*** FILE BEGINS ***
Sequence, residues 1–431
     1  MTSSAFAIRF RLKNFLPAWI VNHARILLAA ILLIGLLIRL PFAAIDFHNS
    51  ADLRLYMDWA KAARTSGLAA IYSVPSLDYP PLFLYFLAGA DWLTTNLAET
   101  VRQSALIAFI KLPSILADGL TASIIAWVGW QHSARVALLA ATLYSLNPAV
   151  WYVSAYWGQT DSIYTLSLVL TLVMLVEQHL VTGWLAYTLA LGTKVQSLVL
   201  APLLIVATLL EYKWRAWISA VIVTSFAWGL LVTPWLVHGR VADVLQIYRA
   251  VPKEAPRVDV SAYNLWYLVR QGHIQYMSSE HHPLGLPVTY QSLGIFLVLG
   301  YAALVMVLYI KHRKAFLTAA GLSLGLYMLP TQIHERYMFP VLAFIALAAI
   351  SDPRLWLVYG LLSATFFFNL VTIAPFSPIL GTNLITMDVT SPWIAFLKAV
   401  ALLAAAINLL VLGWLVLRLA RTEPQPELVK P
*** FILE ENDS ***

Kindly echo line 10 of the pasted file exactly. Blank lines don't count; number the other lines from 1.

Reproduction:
   401  ALLAAAINLL VLGWLVLRLA RTEPQPELVK P